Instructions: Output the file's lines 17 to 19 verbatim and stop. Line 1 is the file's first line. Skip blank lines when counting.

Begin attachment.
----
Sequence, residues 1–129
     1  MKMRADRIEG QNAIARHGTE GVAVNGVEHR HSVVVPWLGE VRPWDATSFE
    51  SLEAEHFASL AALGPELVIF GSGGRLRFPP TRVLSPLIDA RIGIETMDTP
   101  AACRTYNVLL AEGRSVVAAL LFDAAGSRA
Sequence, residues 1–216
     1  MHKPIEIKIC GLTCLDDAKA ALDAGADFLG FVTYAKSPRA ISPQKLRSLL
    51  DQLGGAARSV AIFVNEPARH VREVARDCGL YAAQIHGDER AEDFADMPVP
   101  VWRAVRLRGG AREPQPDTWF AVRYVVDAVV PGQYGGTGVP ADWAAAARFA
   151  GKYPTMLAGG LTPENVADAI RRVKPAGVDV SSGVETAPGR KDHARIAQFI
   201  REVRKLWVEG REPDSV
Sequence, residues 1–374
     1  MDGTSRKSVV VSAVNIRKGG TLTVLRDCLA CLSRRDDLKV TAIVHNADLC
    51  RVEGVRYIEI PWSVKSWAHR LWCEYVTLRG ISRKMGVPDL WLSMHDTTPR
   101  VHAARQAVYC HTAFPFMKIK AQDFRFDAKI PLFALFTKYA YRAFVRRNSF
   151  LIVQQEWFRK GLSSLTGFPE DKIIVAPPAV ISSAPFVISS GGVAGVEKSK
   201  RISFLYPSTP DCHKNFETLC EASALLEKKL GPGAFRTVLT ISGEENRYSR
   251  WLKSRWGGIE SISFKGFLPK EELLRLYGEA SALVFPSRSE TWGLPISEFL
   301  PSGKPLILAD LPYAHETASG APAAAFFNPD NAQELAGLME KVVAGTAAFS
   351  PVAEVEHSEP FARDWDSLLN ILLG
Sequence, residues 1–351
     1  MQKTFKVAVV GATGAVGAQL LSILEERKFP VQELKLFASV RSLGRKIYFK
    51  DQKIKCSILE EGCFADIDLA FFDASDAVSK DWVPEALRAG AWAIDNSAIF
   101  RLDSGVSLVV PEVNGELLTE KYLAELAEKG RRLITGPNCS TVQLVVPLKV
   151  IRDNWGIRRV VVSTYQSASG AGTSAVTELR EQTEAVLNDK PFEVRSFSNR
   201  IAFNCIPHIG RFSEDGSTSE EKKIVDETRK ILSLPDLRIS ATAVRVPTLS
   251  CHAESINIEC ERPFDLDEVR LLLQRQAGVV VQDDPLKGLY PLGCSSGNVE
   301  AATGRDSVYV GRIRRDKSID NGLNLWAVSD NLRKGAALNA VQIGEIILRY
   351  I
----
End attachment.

   251  WLKSRWGGIE SISFKGFLPK EELLRLYGEA SALVFPSRSE TWGLPISEFL
   301  PSGKPLILAD LPYAHETASG APAAAFFNPD NAQELAGLME KVVAGTAAFS
   351  PVAEVEHSEP FARDWDSLLN ILLG